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People always find it funny when I talk about how much I love the rain. Coming from temperate 75 degrees and sunny Southern California made rain a special occasion. Spending time with my Native grandparents proved this point further because they told my sister and I that we had the power to summon the rain. Growing up Native always felt like I had a secret super power no one else had. I had the power to control the weather and I was connected to the earth. My soul was one with the elements because of my Navajo heritage.
In kindergarten, we were asked to make a paper cutout that represents our cultural background. My mom and I made a honey skinned cutout in a traditional Navajo tan dress. In her hand, she held a Mexican flag and an Italian flag to represent the other parts of my makeup. I am proud to be Native, but I have always struggled feeling “native enough” to claim it as part of my identity. I know that not everybody grew up doing rain dances with their grandparents or going to powwows and enjoying fry bread, but somehow it still never felt like enough. I grew up in a predominantly white area of Orange County. I would tell other people I was Mexican or Native, and they’d laugh. I hesitated claiming the identity.
It wasn’t until freshman year, I realized how much being a person of color had affected my life. While I am privileged to have a fairly light skin tone, I was still othered for the difference in comparison to my peers. They’d ask about my secret for maintaining my tan throughout winter and make little comments I never realized were chipping away at my identity. One of my ex-boyfriends in high school threatened to break up with me if I got any darker and called me derogatory slurs. After high school, this came crashing down on me with a wave of fury. The fury motivated me and drove me to claim my native identity with my whole heart.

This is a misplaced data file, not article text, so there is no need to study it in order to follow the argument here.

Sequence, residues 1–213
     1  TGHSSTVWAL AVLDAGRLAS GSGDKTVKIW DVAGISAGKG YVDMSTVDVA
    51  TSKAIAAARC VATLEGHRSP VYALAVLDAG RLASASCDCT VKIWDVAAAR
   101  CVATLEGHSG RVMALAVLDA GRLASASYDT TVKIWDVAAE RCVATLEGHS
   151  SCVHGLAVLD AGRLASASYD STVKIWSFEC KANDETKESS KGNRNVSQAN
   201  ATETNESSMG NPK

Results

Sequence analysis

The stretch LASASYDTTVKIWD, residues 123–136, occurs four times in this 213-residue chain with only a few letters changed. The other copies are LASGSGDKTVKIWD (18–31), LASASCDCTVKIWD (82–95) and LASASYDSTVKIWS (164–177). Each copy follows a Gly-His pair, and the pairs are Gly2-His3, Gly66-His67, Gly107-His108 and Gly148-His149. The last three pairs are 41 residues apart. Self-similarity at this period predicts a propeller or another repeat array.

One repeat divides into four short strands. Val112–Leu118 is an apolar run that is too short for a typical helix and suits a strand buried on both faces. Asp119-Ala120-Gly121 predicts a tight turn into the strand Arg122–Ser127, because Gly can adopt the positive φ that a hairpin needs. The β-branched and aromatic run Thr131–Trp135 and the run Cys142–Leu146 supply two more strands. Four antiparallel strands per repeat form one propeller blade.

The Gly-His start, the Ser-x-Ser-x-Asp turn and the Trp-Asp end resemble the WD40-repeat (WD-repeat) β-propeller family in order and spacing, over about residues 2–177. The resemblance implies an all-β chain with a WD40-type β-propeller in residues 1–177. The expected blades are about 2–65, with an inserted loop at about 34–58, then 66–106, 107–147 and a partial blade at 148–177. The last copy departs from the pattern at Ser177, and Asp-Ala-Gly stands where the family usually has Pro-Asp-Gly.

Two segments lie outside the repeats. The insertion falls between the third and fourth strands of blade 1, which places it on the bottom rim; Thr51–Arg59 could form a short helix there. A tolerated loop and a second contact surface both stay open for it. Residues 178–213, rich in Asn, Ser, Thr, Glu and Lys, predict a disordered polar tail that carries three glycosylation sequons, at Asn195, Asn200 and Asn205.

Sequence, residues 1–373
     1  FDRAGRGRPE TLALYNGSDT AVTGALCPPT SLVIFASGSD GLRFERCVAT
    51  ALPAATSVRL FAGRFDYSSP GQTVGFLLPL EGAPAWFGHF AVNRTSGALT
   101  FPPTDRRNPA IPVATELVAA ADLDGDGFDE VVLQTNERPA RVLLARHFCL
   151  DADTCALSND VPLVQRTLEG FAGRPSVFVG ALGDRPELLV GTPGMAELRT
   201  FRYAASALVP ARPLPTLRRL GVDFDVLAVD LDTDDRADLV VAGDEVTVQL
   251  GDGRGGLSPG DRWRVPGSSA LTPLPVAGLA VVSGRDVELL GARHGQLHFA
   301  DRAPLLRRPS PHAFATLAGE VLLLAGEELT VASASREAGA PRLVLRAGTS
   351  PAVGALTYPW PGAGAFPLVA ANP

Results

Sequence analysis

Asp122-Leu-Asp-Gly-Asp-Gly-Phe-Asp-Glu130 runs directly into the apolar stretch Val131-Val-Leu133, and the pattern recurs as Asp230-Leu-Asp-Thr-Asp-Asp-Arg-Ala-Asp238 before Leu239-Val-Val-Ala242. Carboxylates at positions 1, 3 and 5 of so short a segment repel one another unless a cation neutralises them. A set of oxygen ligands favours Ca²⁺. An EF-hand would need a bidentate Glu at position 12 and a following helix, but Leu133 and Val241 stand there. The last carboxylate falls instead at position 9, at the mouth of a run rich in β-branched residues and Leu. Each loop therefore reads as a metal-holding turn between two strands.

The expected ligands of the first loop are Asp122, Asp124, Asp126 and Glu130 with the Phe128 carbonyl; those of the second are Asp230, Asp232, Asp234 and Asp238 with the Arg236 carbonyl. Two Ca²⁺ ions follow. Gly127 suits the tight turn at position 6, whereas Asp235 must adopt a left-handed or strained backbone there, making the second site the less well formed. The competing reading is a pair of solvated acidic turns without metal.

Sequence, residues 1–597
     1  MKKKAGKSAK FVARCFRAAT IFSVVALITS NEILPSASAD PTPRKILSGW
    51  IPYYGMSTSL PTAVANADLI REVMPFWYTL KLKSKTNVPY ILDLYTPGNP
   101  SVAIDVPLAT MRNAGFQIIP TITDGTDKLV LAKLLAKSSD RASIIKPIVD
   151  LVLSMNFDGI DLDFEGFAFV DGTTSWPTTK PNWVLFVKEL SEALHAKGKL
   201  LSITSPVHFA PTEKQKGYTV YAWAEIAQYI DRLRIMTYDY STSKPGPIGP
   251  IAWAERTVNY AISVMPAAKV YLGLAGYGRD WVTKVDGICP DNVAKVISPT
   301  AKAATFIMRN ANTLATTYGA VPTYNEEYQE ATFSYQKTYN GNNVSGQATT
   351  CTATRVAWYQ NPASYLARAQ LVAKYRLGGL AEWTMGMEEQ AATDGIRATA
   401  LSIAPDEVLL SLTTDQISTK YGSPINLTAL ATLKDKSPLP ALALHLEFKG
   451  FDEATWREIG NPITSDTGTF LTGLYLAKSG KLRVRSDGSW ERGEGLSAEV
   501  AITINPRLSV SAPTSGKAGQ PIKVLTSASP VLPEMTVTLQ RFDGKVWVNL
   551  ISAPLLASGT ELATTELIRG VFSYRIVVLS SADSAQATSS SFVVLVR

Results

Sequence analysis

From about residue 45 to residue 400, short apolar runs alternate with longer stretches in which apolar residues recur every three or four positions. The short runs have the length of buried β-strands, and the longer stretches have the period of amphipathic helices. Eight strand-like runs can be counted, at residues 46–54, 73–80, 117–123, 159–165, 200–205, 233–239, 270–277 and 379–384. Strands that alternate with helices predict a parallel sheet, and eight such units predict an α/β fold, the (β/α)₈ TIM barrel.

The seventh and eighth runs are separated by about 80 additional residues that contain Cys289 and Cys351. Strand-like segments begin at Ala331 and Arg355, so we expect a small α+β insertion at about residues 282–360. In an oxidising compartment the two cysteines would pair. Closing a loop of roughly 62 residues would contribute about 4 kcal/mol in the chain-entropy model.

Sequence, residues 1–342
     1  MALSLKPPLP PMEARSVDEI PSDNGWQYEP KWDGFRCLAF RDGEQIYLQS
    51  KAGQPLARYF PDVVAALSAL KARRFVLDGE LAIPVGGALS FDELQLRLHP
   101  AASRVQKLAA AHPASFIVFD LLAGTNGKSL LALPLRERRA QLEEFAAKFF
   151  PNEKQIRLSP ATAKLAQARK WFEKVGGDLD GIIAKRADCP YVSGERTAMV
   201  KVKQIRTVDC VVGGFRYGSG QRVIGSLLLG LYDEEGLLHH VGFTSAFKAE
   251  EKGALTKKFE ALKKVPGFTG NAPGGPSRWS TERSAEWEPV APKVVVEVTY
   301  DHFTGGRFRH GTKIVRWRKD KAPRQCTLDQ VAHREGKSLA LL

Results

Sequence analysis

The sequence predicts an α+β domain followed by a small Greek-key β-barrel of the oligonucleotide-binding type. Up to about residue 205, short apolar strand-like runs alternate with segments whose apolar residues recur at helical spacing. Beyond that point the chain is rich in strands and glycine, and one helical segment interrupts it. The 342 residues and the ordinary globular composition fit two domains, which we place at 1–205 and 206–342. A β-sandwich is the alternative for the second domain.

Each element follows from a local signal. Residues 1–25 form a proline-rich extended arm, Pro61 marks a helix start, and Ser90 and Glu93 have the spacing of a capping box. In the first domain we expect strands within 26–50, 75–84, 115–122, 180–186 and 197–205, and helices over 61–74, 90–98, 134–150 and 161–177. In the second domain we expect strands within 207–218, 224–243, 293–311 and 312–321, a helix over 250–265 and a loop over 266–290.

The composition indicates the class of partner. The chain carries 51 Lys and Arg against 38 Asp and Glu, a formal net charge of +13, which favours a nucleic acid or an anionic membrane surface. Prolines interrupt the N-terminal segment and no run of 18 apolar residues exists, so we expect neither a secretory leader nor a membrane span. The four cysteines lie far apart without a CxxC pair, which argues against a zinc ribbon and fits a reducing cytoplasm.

Being a person of color in America, in California and at USC brings daily challenges, but I face them with my head held high. And not only am I a person of color but I am an Indigenous person of color. America has a cute habit of erasing the ugly parts of our past, which is why the mass genocide of Native Americans is rarely more than a chapter in a high school textbook. Higher education provides opportunities to learn more, however, it requires a student to seek this out or stumble into this class because it was “the only GE-C with space left.”
When we were thinking about subjects for the Daily Trojan features supplement, I immediately thought of Indigenous Peoples’ Day. When Los Angeles stopped celebrating Christopher Columbus, it meant so much to so many of us. Indigenous narratives barely exist as is, and that was the first victory I can ever remember in my lifetime. The same goes for being Native at a predominantly white university. We are grasping for straws just to create safe spaces for us to exist. For too long, Native students’ voices have been hushed and ignored. I am beyond proud we are producing this supplement to elevate the Native student experience.
Sophia UngaroFeatures Editor, Fall 2021
Podcast Editor Abbey Martichenko sits down with features editor Sophia Ungaro to discuss the Daily Trojan’s newest supplement on Native students and how the edition is important for the USC community on Indigenous Peoples’ Day. Music by ThunderHoodie Beats.
Podcast staffer Veronique Louis-Jacques speaks with executive director and co-founder of the Native American Student Association Maracea Chase about how the NASA has grown over the past four years, the path to becoming recognized by the University and what the future holds for the organization. Music by IMPERSS MUSIC.